Burbank Police Chief, Scott LaChasse, stepping down after 11 1/2 years on the job. LaChasse is retiring next month. The announcement appeared in a news release from the City of Burbank put out on Thursday, May 27. The police chief’s departure has been floating around in the rumor mill for some time, but now it’s official.
Law Enforcement and Security Career
LaChasse began his career in law enforcement at the LAPD in March of 1970. He retired as Deputy Chief after 32 years. LaChasse worked in private sector security for several years. In January of 2010, he joined the Burbank Police force as interim police chief. Initially, LaChasse was brought in to straighten out a department in turmoil before handing it over to new leadership. However, it didn’t quite work out that way.
The search for a new permanent police chief kicked off in July of 2012, but it was short lived. LaChasse lobbied hard for the position behind the scenes. Two months later, the search was called off. Not long after that, LaChasse was named permanent police chief. He was officially sworn by then Los Angeles County District Attorney, Jackie Lacey, in a big ceremony at the Burbank Police station June 4, 2013.
Achievements with BPD
The news release cites some of LaChassse’s notable achievements like the creation and deployment of the Mental Health Evaluation Team (MHET). Also, Chief LaChasse is credited with bringing into the department both in-car and body-worn camera systems. The impact turned out to be significant. “Personnel complaints dropped precipitously, ” as a result of both systems being instituted, according to the news release.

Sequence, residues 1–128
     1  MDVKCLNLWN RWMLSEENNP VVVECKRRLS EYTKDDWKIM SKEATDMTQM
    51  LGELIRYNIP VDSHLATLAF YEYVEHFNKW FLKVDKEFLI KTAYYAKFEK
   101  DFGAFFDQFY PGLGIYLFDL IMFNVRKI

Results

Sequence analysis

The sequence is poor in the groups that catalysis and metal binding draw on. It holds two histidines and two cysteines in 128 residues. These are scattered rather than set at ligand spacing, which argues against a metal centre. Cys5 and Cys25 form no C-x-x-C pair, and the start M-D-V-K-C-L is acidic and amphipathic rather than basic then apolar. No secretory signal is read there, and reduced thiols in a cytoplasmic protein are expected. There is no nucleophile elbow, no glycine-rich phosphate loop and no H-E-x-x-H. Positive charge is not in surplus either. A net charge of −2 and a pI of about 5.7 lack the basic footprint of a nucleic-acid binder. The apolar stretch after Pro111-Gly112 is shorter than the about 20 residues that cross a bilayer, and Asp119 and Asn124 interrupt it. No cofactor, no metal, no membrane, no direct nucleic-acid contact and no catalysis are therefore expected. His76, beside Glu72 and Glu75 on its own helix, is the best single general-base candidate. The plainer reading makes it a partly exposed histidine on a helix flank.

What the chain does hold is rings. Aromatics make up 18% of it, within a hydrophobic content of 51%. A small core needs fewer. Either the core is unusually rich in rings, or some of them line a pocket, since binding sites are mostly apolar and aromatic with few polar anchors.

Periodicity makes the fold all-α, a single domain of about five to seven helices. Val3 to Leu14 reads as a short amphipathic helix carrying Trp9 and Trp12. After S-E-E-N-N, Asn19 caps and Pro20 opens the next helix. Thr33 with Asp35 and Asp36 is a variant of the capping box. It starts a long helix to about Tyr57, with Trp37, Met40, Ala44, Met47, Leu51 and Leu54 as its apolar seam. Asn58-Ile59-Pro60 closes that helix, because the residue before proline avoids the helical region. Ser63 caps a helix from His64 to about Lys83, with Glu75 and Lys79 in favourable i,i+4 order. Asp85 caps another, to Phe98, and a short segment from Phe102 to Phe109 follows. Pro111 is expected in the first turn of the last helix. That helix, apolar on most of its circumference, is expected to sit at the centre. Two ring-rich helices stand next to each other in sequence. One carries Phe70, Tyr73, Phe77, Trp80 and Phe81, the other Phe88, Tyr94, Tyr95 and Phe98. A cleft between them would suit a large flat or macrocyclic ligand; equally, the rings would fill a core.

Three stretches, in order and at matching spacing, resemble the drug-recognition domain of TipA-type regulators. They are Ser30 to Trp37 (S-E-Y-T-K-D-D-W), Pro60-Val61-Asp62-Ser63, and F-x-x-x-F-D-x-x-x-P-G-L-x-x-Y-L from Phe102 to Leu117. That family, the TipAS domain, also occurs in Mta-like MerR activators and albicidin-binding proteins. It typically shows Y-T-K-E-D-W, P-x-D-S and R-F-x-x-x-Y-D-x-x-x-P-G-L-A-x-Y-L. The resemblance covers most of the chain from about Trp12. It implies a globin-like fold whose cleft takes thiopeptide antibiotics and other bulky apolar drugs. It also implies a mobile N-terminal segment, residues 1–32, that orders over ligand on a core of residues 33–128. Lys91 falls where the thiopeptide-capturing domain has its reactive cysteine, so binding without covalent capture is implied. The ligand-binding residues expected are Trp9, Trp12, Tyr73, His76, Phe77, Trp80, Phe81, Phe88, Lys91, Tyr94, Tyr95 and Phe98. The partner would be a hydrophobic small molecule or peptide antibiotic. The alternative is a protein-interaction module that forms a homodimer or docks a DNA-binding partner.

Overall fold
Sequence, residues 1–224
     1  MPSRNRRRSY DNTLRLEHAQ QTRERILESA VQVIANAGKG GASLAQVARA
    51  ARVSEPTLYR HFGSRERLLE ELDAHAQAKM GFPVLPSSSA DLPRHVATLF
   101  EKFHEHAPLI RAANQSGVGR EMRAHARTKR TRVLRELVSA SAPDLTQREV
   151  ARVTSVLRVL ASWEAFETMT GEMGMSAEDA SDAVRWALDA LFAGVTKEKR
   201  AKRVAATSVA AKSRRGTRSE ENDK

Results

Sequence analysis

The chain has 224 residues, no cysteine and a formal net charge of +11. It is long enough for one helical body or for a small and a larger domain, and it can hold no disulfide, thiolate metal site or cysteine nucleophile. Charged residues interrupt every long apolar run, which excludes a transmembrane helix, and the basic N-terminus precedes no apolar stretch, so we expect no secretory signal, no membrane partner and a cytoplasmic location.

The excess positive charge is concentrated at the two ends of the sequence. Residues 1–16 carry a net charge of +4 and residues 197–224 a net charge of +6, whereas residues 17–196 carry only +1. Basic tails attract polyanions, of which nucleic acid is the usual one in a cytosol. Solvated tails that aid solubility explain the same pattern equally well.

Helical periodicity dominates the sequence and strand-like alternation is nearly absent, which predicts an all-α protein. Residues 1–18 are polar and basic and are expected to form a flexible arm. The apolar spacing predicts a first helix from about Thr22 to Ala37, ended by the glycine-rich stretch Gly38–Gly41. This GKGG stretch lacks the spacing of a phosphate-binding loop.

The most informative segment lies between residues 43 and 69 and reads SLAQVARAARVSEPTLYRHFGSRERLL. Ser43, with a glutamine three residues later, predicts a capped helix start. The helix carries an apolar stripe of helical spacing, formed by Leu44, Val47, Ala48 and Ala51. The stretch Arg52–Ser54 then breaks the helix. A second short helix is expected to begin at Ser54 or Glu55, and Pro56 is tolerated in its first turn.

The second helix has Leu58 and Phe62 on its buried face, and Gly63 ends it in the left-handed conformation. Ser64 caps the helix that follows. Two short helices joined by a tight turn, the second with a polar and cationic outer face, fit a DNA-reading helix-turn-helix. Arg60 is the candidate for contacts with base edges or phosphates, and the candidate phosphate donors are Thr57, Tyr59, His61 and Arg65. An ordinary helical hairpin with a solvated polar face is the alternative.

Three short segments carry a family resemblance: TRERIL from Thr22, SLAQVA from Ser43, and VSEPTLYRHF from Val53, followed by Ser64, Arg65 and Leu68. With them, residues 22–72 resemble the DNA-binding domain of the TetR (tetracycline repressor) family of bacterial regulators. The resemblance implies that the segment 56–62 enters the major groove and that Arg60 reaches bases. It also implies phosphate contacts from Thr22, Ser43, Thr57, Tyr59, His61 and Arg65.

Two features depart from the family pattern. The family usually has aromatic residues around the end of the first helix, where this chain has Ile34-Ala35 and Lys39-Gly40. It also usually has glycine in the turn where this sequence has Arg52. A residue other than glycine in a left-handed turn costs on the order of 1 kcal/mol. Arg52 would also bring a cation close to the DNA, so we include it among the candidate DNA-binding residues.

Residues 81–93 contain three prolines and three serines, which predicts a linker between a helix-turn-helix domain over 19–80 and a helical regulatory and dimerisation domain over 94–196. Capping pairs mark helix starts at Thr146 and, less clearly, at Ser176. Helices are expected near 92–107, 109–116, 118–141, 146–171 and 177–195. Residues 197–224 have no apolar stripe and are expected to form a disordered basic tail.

LaChasse Faced Controversies
Still, LaChasse’s tenure has not been without controversy. In 2010, Chief LaChasse established a strict policy of not releasing mug shots. It happened after a discrepancy involving the booking photos of two suspects. In one case, the BPD refused to release the mug shot of Burbank grade school teacher, Amy Victoria Beck. She took a plea deal and later served time in state prison for having sex with a male student.
A few months after the Beck matter, BPD did release the photo of a man arrested for allegedly touching a girl inappropriately on a bus. The BPD was called out on this blog for the discrepancy. The reaction was the establishment of the no mug shots released policy by the BPD. Recently, the rigid policy has been relaxed in some cases.
Also in 2018, Burbank Police Commissioner, Attorney David Diamond, called for LaChasse’s resignation . Diamond accused LaChasse of disparaging his 18-year legal career and for belittling the contributions of the Burbank Police Commission. The allegations surfaced after Diamond and Los Angeles Deputy District Attorney, Troy Davis, campaigned for the same seat on the Los Angeles Superior Court during the June 2018 Primary. The Los Angeles Times endorsed Diamond, but Davis won the election.
LaChasse’s last day on the job will be July 6, 2021. Read the news release here.